• No meeting on Easter Monday, 22 May.
  • On 29 May, James Peterson will be our guest speaker on “Story about Mental Health’, particularly in youth which Denise Schellbach has sent reminder for all to attend.
In the only spot, Past President Graeme Whitmore said more players were needed for the Golf Day on FRIDAY 14 JUNE. Flyers were on the tables..Please support this important annual Club fundraiser.
Secretary, Mark Williams introduced our guest speaker, Morgan Marks, a Rotary Peace Fellow studying for a Master in Peace and Conflict Studies at the University of Queensland. He said Rotary International sponsored 2 major long-term projects, Polio and 10 Peace Fellows annually from around the globe to each of 5 major peace centres spread around the world. Our Club mentors 2 of these Fellows.
Morgan gave a very thoughtful presentation of her work in Canada with the First People and what she hoped to achieve as a Peace Fellow sponsored by Rotary for which she was most grateful.
Morgan Marks, UQ Rotary Peace Fellow 2018-19
Morgan answered question from Members before thanks from Peter and acclamation from group.
Peter then drew the raffle won by Katrina Roetteler who did not draw the joker from the pack, so the raffle jackpots.
The meeting was then closed with the customary singing of the National Anthem @1.40pm.
Young people can make their mark through Rotary

By John Hewko, Rotary International General Secretary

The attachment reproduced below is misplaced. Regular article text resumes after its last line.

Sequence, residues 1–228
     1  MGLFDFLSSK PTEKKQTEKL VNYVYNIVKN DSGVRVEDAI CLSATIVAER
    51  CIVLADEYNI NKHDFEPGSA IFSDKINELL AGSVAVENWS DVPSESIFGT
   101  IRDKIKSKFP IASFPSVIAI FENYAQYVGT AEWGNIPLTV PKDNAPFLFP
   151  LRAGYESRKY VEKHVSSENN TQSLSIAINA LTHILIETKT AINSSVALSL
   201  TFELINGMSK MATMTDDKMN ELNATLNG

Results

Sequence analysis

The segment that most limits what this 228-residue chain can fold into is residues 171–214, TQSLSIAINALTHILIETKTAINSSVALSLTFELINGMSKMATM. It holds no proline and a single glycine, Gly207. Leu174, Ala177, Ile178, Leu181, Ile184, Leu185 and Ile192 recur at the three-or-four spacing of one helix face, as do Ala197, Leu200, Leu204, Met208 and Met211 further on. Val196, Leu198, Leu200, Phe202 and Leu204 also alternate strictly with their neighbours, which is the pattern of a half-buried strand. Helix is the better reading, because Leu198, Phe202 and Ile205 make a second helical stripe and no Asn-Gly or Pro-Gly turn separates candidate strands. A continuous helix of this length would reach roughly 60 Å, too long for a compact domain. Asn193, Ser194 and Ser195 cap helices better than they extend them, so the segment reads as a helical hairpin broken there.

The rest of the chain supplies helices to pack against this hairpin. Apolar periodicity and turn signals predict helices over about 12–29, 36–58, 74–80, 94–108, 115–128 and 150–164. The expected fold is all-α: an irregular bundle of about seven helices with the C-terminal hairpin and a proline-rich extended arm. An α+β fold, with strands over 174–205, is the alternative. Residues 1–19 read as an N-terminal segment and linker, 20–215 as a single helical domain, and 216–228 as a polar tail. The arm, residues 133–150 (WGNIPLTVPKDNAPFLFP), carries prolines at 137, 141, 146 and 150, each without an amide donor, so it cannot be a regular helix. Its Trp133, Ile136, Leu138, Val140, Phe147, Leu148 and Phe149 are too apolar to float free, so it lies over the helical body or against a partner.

The desire to give back, become involved in your community, create connections, and use one’s skills to benefit others is a cornerstone of civil society. But how can young people find these opportunities while facing the challenges of a widening skills gap, lost personal connections through digital isolation, and an uncertain future?

Let me begin with a description of a young person who may sound familiar.

A young person alone in a big city. A young person looking for friendship, looking for connections with other professionals from diverse backgrounds.

A young person looking to make an impact but unsure where to begin. That man was Paul Harris, Rotary’s founder.

Back in 1905 when Paul started the organization we know today, he was only 36 years old.

He certainly had that spirit of youthful innovation that we must try to emulate. Because, to those early Rotary members in the first Rotary club in Chicago, Rotary was like an oasis in the desert.

And over a century later, our Rotaractors are part of a generation that grapples with its own challenges and deserts, in a world of increasing social and political upheavals.

Many graduated during a global economic depression, and perhaps had to struggle to get that first job or pay off student loans.